2. 2. ibju | Uroflowmetry in a Large Population of Brazilian Men Uroflowmetry is a non-invasive method that may help the urologist to diagnose bladder outlet obstruction. However, it is not able to distinguish BOO and detrusor underactivity (DUA). Both bladder dysfunctions can be characterized by low maximum flow rate (Qmax) (1,2). Likewise men with BOO, asymptomatic men also may have low urinary maximum flow rate. For this reason, Qmax in men with or without symptoms should be interpreted with caution. There is a lack of studies in the literature in this specific population (3). The aim of this study was to assess the uroflowmetry data in a large population of asymptomatic Brazilian men submitted to a health check up program and their correlation it with IPSS and prostate size. MATERIALS E METHODS Local Ethical Committee approved the study and all subjects filled out a written informed consent. This study was performed in asymptomatic men submitted to a health check-up program between January and December 2012. A multidisciplinary team composed by general clinicians, urologists, ophthalmologists, dermatologists, nutritionists and physiotherapists, evaluated patients. Urological assessment consisted of clinical history, IPSS, digital rectal examination (DRE), prostate specific antigen (PSA), urinalysis, ultrasonography and uroflowmetry. The inclusion criteria were men between 40 and 70 years, IPSS ≤ 7, without bladder, prostate, urethral surgery, neurological diseases, urinary tract infection, PSA < 4.0 ng/dL and urinary volume higher than 150 mL. Uroflowmetry and ultrasonography for post-void residual urine measurement (PVR) were performed during the urological evaluation. PSA and urinalysis were collected on the same day and before starting the check up. Data was analyzed using Statistical Package for Social Sciences (SPSS) version 8.0 for Windows. Pearson’s linear correlation coefficient was calculated to estimate the correlation between numeric variables and multiple linear regressions to investigate the association between uroflowmetry parameters, clinical and ultrasound data. The Pearson’s Chi-Square was performed to compare numeric variables. It was considered statistically significant p values ≤ 0.05. RESULTS Out of 2880 men, 1041 asymptomatic men with mean age of 49 ± 6.9 years old (range 40 to 70) were included in this study. Demographics, IPSS, prostate size and uroflowmetry data can be seen on Table-1. Men were categorized into three diffe- rent aging groups (40 to 50, 51 to 60 and 61 to 70). The older men had higher IPSS, prostate size, flow time and micturition time than younger men (p = 0.001, p = 0.001, p = 0.001 and p = 0.001 respectively). On the other hand Qmax and Qmed were higher in younger men. Hesitation time, PVR and maximum flow time were not statistic significant (p = 0.31, p = 0.31 and p = 0.11 respectively). Prostate size, IPSS, post-void residual urine and uroflowmetry data in the three groups can be observed on Table-2. second analysis was performed comA paring the men with Qmax > 15 mL/s and Qmax < 15 mL/s. A total of 424 men (40.7%) with average age 50.9 years had Qmax < 15 mL/s, whereas 617 men (60.3%) with average age 48.8 years had Qmax > 15 mL/s. The Qmax cutoff 15 mL/s had a weak correlation with aging, IPSS and prostate size on asymptomatic men. These data can be observed on Table-3. A further analysis was performed in order to correlate the clinical data with lower Qmax cutoff (< 10 mL/s). A total of 117 men (11.2%) had Qmax less than 10 mL/s and IPSS less than 8. The average age of this specific population was 55.5 years old. Older men had higher IPSS and prostate size, however the average Qmax and Qmed were not correlated with aging when we considered only men with Qmax less than 10 mL/s. These data can be observed on Table-4. DISCUSSION our knowledge, this study is the first To one to assess uroflow, IPSS and prostate size in a 842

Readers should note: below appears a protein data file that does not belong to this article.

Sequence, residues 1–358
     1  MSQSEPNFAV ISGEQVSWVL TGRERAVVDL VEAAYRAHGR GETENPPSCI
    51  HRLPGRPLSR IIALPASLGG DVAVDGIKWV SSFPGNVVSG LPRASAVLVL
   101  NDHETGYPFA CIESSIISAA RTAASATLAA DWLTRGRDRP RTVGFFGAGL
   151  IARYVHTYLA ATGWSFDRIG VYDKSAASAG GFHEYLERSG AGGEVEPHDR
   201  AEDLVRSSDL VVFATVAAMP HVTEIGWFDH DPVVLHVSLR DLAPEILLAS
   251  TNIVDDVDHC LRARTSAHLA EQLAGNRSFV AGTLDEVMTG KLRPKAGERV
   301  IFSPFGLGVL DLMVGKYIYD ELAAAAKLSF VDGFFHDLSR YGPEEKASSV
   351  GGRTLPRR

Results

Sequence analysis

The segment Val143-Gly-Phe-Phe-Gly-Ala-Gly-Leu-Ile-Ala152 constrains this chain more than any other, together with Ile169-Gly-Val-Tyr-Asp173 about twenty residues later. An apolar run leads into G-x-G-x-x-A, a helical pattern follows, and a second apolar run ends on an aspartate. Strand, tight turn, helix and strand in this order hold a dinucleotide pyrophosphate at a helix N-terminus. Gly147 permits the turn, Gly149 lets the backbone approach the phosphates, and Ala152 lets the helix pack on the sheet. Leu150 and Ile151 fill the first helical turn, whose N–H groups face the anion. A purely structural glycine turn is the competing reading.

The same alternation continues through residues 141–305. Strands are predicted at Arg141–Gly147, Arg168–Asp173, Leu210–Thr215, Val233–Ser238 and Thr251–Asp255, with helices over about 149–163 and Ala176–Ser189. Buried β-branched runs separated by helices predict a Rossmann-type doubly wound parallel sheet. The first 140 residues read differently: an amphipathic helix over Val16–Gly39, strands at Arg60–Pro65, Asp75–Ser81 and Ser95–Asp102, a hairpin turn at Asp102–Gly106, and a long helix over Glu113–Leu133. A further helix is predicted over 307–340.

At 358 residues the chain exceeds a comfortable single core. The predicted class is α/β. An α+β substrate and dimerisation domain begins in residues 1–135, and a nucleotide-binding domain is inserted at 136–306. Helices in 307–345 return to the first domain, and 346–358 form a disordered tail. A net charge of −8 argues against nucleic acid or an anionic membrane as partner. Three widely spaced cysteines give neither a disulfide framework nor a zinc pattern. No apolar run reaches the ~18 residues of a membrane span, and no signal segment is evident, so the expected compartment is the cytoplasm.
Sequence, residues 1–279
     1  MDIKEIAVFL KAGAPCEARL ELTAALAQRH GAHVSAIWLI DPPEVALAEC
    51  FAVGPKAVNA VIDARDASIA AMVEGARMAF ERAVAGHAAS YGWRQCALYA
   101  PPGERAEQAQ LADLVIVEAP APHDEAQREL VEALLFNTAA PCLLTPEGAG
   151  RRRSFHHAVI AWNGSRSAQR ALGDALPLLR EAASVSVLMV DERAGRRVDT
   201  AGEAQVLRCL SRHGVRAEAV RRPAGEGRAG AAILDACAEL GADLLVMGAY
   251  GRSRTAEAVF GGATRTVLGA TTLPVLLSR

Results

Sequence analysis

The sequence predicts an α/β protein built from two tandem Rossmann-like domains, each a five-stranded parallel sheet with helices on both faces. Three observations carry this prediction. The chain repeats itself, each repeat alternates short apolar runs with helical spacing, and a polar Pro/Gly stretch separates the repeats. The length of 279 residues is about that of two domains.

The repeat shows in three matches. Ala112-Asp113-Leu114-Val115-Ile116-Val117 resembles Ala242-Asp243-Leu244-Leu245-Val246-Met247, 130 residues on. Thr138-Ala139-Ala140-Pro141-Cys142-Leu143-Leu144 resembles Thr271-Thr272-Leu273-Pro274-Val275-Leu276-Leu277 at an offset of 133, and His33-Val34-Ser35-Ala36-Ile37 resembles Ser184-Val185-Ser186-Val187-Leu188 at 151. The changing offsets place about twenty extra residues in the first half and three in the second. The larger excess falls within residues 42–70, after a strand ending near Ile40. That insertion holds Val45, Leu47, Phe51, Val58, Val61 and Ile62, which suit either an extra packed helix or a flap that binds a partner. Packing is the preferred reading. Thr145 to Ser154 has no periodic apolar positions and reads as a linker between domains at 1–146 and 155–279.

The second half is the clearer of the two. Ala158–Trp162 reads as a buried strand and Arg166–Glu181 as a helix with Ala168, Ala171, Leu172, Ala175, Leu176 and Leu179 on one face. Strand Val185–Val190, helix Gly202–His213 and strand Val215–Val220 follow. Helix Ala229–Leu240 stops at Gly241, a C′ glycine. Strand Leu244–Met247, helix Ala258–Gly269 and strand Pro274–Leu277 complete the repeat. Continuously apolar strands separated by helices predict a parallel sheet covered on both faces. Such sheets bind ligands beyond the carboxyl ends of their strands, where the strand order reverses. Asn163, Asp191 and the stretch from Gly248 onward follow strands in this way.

3. 3. ibju | Uroflowmetry in a Large Population of Brazilian Men Table 1 - Demographics and uroflowmetry data of 1041 men submitted to a health check up program. Mean ± sd Median (range) Age (years) 49 ± 6.9 49 (40 - 70) IPSS 1.9 ± 0.8 1.5 (1 - 7) Prostate Size (g) 26.6 ± 9.0 25 (10 - 90) Voided Volume (mL) 370 ± 161 302 (300 - 500) Post-void residual Urine (mL) 14 ± 10 6 (0 - 187) Hesitation time (s) 9.2 ± 5.9 8 (3 - 60) Flow time (s) 34.5 ± 17.8 31 (9 - 73) Total voided time (mL) 44.3 ± 34.6 40 (20 - 153) Maximum flow time (s) 11.3 ± 7.4 10 (5 - 21) Qmax (mL/s) 17.4 ± 7.4 16.3 (8 - 39) Qmed (mL/s) 11.9 ± 3.3 10.2 (7 - 23) IPSS = International Prostate Symptom Score; Qmax = maximum flow rate; Qmed: average flow rate; sd = standard deviation Table 2 - IPSS, prostate size and uroflow data on three different aging groups. 40-50 years 50-60 years 60-70 years 620 (59.5%) 336 (32.2%) 85 (8.3%) IPSS 1.0 ± 0.5 2.5 ± 1 5.7 ± 3 0.001 Prostate size (grams) 23 ± 6.4 29 ± 9.5 35 ± 14 0.001 Voided volume (mL) 347 ± 150 335 ± 140 304 ± 165 0.01 Post-void residual urine (mL) 11.5 ± 9 19.1 ± 7 15.6 ± 5 0.31 Hesitation time (s) 9.2 ± 6 9.1 ± 5.4 9.6 ± 5.8 0.31 Flow time (mL/s) 32.8 ± 16 36.5 ± 17 40 ± 20 0.001 Micturition time (s) 43.1 ± 20 45.6 ± 19 49.8 ± 24 0.001 Maximum flow time (s) 11.1 ± 7 11.8 ± 7 11 ± 9 0.11 Qmax (mL/s) 18.3 ± 7 16.4 ± 6.3 15 ± 7.7 0.001 Qmed (mL/s) 13.4 ± 5.2 10.1 ± 5 8.8 ± 4 0.001 Subjects IPSS = International Prostate Symptom Score; Qmax = maximum flow rate; Qmed = average flow rate 843 p